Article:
LARSON: Right. Any corporation will have a back-up strategy, have an I.T. department takes of this. Hard drives will crash in their lifetime. They're going to die the second you pull it out of the box or die in three five years. These are devices that spinning, 70 to 100 time a minute. So at some point, it's going to give out. But when they do, there's data recovery services, there's back-ups and back-up strategies. And, Michaela, email lives on. It goes to -- if it's sent from someone it's on their computer in their out-box, goes through their mail server, and then goes through your mail server where it then goes to your in-box. That's at least four places.
PEREIRA: Even if her hard drive crashed, there would be other places where emails would be found.
LARSON: Absolutely. You could go to person she sent an email to or anyone she received an email from, and you should able to retrieve it and be able to get the whole thing. The other thing I find suspicious and begs the question, when is the government doing with technology that a hard drive crash loses like five years of email. We have phones, tablets, desk tops, web-based emails. That's four different places where you could have an email saved because it was served there. It's very suspicious.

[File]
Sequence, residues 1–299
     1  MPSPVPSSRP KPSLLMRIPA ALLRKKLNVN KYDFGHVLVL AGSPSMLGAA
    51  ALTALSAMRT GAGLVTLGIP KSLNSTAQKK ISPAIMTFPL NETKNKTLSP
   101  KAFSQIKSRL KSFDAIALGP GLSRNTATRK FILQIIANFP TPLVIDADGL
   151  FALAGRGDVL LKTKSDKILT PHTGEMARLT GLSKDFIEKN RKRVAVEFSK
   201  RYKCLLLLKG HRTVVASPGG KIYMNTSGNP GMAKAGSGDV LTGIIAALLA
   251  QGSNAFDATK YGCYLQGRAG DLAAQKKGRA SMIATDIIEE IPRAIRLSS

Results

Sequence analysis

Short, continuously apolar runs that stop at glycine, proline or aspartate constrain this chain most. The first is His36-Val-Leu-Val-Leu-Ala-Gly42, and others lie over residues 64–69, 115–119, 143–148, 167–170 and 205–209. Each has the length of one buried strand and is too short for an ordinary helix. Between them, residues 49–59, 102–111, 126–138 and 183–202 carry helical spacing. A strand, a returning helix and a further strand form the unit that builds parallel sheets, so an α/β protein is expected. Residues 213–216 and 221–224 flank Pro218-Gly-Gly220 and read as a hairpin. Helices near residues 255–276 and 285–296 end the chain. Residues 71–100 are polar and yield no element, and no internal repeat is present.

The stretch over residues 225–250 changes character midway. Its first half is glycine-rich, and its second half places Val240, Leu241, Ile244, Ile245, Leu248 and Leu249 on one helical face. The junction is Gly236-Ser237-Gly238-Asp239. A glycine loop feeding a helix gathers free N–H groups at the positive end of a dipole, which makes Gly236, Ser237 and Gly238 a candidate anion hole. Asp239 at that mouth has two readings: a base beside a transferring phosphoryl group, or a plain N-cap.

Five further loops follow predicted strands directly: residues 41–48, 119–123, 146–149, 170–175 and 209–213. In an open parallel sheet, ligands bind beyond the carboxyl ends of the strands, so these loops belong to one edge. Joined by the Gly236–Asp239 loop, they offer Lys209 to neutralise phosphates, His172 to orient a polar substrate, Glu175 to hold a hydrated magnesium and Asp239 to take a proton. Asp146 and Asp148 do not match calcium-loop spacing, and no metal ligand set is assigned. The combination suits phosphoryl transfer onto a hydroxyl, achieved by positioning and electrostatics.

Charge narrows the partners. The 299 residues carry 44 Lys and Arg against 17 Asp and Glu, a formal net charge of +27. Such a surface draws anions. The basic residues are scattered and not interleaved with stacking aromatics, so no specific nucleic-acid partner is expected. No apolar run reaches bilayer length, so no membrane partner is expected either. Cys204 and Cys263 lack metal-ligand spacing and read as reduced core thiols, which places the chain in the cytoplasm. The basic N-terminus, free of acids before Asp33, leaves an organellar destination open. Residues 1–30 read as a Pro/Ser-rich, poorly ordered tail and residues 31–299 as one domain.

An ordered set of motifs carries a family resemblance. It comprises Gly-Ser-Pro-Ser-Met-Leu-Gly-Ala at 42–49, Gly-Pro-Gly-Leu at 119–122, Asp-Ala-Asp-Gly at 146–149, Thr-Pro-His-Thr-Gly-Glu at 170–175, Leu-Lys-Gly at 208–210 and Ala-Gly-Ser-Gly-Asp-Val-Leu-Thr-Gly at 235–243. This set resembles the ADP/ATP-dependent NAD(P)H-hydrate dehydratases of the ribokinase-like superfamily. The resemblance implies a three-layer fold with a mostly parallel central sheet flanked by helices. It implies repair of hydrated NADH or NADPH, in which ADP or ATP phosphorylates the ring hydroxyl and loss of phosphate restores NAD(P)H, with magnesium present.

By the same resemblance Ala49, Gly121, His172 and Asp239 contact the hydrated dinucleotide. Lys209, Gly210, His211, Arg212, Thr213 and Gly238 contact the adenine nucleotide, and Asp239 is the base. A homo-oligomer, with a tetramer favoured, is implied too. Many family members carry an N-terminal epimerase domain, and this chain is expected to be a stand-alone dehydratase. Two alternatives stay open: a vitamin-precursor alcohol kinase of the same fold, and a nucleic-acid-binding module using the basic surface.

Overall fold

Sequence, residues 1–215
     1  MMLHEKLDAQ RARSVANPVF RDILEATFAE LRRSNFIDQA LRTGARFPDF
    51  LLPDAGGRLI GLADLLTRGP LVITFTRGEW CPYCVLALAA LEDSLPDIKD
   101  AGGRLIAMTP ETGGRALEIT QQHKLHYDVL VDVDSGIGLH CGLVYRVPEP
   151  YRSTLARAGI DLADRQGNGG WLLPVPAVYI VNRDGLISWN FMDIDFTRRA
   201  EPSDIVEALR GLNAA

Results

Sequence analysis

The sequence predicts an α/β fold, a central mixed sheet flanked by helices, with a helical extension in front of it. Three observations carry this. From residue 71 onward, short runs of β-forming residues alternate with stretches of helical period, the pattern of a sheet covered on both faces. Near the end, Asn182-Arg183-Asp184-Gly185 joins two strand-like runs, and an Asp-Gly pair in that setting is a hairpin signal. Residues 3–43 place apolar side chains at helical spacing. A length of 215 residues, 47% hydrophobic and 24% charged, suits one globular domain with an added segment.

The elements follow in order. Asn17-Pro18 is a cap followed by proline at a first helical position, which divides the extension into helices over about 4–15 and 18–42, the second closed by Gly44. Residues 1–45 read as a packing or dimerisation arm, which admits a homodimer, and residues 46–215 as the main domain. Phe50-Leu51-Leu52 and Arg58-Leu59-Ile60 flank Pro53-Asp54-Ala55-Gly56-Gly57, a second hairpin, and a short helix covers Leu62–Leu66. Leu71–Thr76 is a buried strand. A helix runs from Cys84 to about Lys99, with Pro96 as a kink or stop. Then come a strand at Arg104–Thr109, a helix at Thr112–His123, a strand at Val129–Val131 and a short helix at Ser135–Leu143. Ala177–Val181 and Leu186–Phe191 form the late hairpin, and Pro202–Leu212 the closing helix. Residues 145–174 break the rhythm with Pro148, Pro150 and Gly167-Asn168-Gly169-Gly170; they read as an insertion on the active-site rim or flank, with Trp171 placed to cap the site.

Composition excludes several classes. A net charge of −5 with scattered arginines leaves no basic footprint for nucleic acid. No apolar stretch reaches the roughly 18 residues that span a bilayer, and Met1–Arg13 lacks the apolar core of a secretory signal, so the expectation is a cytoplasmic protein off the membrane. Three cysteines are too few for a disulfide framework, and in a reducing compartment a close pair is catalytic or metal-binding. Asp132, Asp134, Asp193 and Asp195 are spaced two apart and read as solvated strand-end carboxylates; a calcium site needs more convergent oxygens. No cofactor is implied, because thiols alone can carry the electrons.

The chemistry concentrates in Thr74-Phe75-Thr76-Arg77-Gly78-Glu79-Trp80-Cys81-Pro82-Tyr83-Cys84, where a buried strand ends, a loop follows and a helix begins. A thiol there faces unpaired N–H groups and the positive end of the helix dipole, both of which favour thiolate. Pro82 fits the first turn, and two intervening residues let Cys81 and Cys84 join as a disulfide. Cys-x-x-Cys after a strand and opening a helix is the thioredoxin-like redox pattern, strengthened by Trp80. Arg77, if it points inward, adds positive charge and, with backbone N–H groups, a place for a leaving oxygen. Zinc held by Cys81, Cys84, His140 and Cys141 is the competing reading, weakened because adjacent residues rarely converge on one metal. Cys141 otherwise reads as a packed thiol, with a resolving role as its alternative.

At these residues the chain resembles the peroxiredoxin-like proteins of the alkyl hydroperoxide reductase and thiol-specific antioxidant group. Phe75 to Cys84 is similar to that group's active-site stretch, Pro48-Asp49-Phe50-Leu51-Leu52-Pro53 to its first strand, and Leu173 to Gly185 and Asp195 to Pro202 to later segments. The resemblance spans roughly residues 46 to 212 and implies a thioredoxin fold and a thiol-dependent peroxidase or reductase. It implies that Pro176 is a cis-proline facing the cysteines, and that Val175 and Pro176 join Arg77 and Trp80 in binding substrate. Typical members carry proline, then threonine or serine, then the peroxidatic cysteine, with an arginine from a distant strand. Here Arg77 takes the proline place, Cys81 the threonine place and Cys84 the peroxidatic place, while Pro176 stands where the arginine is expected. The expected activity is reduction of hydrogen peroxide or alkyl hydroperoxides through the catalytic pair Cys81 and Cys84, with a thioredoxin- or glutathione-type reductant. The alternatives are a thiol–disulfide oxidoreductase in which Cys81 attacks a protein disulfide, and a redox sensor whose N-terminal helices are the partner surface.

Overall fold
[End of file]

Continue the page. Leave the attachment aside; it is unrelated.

BERMAN: They have found some of the emails based on who they were sent to. That's what they've done. They've collected some 24,000 of them, not all of them. And they say there was a back-up but it was on tape. And those tapes that were backed up were recycled every six months.
LARSON: Right, for cost reasons. Tape back-up is somewhat popular because you can get a lot of data on a tape. A tape can hold several terabytes worth of data. Again, the hard drive, you can get this for $50 at Amazon and it's going to hold three terabytes of data. That's like all eight Harry Potter movies 25 times.
That's how much data is going to fit on this $100 thing. If the IRS is having a problem with money and they are reusing tapes, I get it. You'd probably have a strategy where you'd have a back-up A and back- up B and you'd run a whole set of tapes for a year. You'd have a weekly, a monthly, a yearly back-up.